In Praise of Cultural Appreciation

Weavers around the world have “borrowed” from each other for centuries for better or worse. At best, this cultural exchange benefits both parties as repertoires are expanded. At worst, one side takes the intellectual property of the other to make a profit—many early British weaving factories reproduced complicated Indian cloth on Jacquard looms. In the Endnotes from the March/April 2018 issue of Handwoven, Anita gives her thoughts on Cultural Appropriation vs Cultural Appreciation. —Christina

In our turbulent world, I am always cheered by signs of unity and hope. One of the hopeful signs I see is a new awareness about the evils of cultural appropriation: co-opting aspects of another culture without sensitivity or respect. Millennials, in particular, seem to be cognizant of the need to respect other people’s heritage.

However, even when the pendulum swings in the right direction, it can swing a little too far. I think we are sometimes a bit quick to see cultural appropriation when what’s happening is really appreciation, the kind of positive cultural exchange that has shaped humanity from the beginning. Human culture began because roving bands of Paleolithic hunter-gatherers shared their tools, art, and stories. The flowering of science and medicine in the Renaissance was spurred on by translations of work by Arab scholars. Japanese design was a catalyst for the Art Nouveau movement, and African sculpture influenced and inspired Henri Matisse, Pablo Picasso, Paul Klee, and other pioneers of modern art.

Humans are an imitative species by nature. I will never forget watching a Bolivian woman demonstrate Jalq’a weaving, completely unaware that the Peruvian woman behind her was carefully lifting and studying a corner of her manta, no doubt with an eye to enhancing her own weaving repertoire. Nor will I forget a weaver in Guatemala proudly showing off a huipil dress with a woven design of a peacock that was obviously taken from a European embroidery pattern.

Without cultural exchange, people in Portland, Oregon, where I live, wouldn’t be able to enjoy a whole world’s worth of cuisine in a city block of food carts. We wouldn’t have all the beautiful ethnic garments that many of us grew up with: kaftans, dashikis, kurta dresses, ponchos, ruanas, those flattering cheongsam (mandarin) collars, and the lovely tribal prints that have been in fashion in recent years.

Cultural Appropriation

A huipil woven by an Amuzco weaver in Xochistlahuaca, Mexico, inspired by a European embroidery pattern. PHOTO COURTESY OF ANITA OSTERHAUG

Cultural appreciation can have profound impact on the people being appreciated. For example, when Mary Meigs Atwater traveled in Central and South America in the early 1900s, she was exposed to all kinds of gorgeous fabrics and traditional techniques. Years later, she documented some of those techniques in her Shuttle-Craft Guild Bulletin and her book Byways in Handweaving, bringing awareness and appreciation to American weavers. Some of those weavers and their students went on to work for fair-trade organizations that have helped traditional weavers preserve and find markets for their crafts. (You can find many of them through www.weavearealpeace.org.)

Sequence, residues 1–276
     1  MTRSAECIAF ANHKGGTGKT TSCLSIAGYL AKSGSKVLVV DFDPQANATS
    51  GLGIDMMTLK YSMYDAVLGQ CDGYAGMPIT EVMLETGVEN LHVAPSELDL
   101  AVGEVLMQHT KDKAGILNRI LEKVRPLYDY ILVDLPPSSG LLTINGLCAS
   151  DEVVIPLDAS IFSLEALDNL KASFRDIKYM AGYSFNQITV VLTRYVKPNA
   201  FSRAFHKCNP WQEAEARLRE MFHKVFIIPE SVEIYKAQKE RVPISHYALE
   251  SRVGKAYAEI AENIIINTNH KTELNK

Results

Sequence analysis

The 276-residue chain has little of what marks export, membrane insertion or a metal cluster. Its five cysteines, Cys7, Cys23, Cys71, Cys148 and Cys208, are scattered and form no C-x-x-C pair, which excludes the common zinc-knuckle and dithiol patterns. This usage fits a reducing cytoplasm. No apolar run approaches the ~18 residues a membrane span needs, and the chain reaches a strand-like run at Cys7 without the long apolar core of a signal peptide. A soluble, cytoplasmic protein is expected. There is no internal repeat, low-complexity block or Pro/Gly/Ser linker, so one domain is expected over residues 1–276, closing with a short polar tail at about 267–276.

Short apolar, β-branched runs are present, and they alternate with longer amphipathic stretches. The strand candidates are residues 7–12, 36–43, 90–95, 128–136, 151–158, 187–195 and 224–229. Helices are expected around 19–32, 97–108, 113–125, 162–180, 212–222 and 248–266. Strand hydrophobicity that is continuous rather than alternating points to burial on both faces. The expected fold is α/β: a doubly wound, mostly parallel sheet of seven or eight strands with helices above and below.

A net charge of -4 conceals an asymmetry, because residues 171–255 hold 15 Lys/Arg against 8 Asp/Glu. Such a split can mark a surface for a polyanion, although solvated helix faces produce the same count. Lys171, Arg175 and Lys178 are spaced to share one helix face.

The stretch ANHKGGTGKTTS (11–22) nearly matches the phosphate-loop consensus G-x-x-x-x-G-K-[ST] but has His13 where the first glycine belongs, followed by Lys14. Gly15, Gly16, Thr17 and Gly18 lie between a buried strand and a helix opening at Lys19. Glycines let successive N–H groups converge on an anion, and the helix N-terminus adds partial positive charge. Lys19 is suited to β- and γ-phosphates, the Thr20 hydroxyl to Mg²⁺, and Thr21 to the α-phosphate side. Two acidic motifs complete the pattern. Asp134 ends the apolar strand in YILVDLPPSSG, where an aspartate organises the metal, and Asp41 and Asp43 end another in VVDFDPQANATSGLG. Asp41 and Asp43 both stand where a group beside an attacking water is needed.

All this said, cultural appropriation is a real issue, so much so that Deborah Chandler, founder of Weave a Real Peace (WARP), former director of Mayan Hands, and author of Learning to Weave, recently clued me in on efforts to protect the authorship of indigenous textiles in Guatemala. As she says, it’s “a sticky issue that is arising in indigenous communities all over the world.”

So how can you know whether you’re appreciating or appropriating? It’s all about respect. First, respect the meaning of the textile or design. When I took a Navajo weaving class from Kathe Todd-Hooker years ago, she told us not to copy traditional Diné (Navajo) designs because they have spiritual meaning in Diné culture. You would not desecrate a flag, so don’t desecrate someone else’s sacred symbols. Second, respect the artisans who make their living by the textiles they create. It’s great to learn diverse weaving techniques, especially if it involves travel and face-to-face learning with the artisans themselves. As we appreciate the work that goes into indigenous textiles, we tend to become ambassadors and customers for the artisans, helping them to support their families. It’s not okay to reproduce indigenous textiles and sell them yourself, just as it’s not okay to reproduce and sell any other weaver’s design without permission.

As Mary Atwater said, “We are two-handed creatures, and the close connections between hands, heart, and mind are a part of our being . . . The great modern revival of handicraft is a wholesome thing, making for peace, comfort, and pleasant living.” The world would be a poorer place if we all kept to our corners. Appreciation of other weaving cultures is a wonderful way to forge new connections between the hands, hearts, and minds of people around the world. And when that appreciation brings increased peace, comfort, and pleasant living to all the weavers concerned, it is a fine thing.

—Anita

Featured Image: Diné (Navajo) Germantown Eye Dazzler Rug from the late 1900s. While it’s ok to take inspiration from Diné weaving and designs like this one, it’s not Ok to copy it and sell it as your own. Photo courtesy of the Science History Institute.


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